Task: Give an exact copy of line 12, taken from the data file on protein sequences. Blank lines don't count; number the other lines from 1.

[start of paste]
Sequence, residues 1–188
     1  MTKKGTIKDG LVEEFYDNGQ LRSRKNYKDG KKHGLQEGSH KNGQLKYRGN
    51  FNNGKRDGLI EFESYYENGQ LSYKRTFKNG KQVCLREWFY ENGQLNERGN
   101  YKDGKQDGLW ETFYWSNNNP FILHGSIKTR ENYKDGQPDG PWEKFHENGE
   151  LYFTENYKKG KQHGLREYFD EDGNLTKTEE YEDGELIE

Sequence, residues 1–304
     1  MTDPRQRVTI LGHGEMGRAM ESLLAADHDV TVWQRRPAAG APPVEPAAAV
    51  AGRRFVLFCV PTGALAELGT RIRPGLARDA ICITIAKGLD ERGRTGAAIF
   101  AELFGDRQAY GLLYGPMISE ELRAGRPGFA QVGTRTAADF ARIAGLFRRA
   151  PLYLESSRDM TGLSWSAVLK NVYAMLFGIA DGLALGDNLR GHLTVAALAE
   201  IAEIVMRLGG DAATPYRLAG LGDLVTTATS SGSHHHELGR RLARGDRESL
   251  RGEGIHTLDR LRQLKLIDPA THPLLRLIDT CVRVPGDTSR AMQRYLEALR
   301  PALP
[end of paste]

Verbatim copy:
   251  RGEGIHTLDR LRQLKLIDPA THPLLRLIDT CVRVPGDTSR AMQRYLEALR